Well, my test--which I made up just now, & which may be flawed--is this: suppose you control a 3x3 area (which should be worth 9 points, right?), and I drop a stone right in the middle. To capture it, won't you have to drop in 4 stones? (Reducing your area by 4, and gaining you 1 prisoner, for a net loss of 3?) Whereas, if I drop that one in, and we look at it and say "that one's dead," you just pick it up at the end of the game for a net gain of 1?
I am assuming when you say "control", you mean a captured, safe territory. Otherwise all points are up for grabs.

In your example, if your opponent's 3x3 area is "safe" because it connected to at least one other eye, and you dropped a stone in the middle, he would have no need to further play inside the 3x3 area. Assuming he continued to pass (or play elsewhere on the board) every turn, and you continued dropping stones inside said area, you would eventually run out of valid plays inside, since the last point of play left would represent an illegal suicide play for you. In this case, you are effectively giving him an extra scoring point per point of territory, since your now dead (unsavable) stones will count against you at the end.

Ken

 
 Thumb up
 tip
 Hide
  • [+] Dice rolls
Jim Cote
United States
Maine
flag msg tools
badge
Avatar
Microbadge: Mahjong fanMicrobadge: Hanabi fanMicrobadge: Go playerMicrobadge: Pax Renaissance fanMicrobadge: Gloomhaven fan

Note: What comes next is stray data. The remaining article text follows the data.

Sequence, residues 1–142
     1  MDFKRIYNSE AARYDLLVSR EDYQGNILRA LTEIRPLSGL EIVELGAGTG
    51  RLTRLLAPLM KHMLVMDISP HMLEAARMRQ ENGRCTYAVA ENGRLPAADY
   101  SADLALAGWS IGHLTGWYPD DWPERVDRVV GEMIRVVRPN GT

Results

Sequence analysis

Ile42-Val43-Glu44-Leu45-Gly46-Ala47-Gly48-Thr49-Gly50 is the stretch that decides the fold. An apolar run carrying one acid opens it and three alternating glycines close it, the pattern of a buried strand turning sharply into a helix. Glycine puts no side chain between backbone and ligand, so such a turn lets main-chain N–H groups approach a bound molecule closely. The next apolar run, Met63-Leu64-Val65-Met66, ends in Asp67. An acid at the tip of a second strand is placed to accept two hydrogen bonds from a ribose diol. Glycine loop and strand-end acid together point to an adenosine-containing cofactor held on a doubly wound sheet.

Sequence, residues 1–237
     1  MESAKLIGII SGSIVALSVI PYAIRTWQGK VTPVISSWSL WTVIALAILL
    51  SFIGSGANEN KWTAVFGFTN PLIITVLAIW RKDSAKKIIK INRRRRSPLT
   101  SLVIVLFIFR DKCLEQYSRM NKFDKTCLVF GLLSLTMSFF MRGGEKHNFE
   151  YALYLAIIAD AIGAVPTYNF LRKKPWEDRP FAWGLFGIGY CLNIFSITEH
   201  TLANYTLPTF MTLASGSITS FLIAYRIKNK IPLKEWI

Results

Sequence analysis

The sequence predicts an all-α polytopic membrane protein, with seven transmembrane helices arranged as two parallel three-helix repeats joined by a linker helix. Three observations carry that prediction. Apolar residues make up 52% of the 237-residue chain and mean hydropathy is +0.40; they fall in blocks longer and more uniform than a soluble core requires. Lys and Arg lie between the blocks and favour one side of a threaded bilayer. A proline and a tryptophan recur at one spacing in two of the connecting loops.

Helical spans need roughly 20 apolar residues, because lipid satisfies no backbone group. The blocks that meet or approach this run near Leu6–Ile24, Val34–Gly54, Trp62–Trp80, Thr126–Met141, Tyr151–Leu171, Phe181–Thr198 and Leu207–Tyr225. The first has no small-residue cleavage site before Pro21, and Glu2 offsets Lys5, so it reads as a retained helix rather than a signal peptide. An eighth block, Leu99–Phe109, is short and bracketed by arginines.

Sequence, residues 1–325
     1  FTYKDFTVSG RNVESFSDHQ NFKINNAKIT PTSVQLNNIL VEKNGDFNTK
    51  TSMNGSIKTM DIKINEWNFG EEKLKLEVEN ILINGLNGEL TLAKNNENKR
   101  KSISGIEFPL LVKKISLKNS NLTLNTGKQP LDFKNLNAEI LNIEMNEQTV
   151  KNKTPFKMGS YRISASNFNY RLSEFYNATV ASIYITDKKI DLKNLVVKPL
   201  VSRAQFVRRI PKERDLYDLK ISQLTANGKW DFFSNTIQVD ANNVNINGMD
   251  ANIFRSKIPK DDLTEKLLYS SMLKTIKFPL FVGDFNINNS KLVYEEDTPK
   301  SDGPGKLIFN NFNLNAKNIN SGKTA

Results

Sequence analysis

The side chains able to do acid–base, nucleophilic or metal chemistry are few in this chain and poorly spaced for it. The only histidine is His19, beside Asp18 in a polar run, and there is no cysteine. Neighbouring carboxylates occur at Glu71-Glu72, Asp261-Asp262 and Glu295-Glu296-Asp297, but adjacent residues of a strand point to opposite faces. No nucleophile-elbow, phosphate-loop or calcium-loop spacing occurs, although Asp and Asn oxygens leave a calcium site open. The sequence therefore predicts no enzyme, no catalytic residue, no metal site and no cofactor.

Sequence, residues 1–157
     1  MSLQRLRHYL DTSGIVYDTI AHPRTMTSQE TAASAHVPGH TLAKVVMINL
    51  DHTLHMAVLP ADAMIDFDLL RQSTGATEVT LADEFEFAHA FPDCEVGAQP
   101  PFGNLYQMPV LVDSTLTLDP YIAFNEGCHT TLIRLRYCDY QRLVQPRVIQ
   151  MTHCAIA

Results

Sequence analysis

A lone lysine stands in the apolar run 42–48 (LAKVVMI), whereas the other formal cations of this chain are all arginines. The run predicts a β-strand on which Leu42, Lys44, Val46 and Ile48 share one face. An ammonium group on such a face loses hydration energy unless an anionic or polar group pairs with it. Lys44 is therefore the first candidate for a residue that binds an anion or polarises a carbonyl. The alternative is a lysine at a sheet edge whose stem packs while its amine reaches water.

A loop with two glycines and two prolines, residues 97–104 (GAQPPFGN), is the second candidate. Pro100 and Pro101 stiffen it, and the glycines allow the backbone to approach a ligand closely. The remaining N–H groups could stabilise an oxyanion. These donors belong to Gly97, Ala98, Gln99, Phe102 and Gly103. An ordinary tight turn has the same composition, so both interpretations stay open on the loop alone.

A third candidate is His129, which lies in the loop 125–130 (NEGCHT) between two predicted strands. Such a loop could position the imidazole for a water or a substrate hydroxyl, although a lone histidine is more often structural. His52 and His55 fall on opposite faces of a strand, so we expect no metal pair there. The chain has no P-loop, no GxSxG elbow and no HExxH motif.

capadotia wrote:
But if a group already has 2 real eyes then he can play stones in there until the cows come home and you play elsewhere while it is profitable and then pass when it isn't.
Well, except for some seki situations:



If B plays at 1, W can capture at 2. If W plays at 1, B can capture at 3. This area of the board is a draw. Neither player gets any territory.



 
 Thumb up
 tip
 Hide
  • [+] Dice rolls
steven richard
United States
seattle
Washington
flag msg tools
mbmbmbmb
I think the easiest way to answer the question is this: When a stone or group of stones is definitely "dead", it would only penalize whoever puts a further stone into that area of the board.

If the stone(s) is (are) truly dead, then the attacker would be filling up potential points with stones, while the defender would only be adding insult to injury by handing over new stones to capture.

It's part of what makes Go such a fascinating game, BTW; knowing when to fight on and when to cut your losses and focus your attention elsewhere.
 
 Thumb up
 tip
 Hide
  • [+] Dice rolls
Jim Cote
United States
Maine
flag msg tools
badge
Avatar
Microbadge: Mahjong fanMicrobadge: Hanabi fanMicrobadge: Go playerMicrobadge: Pax Renaissance fanMicrobadge: Gloomhaven fan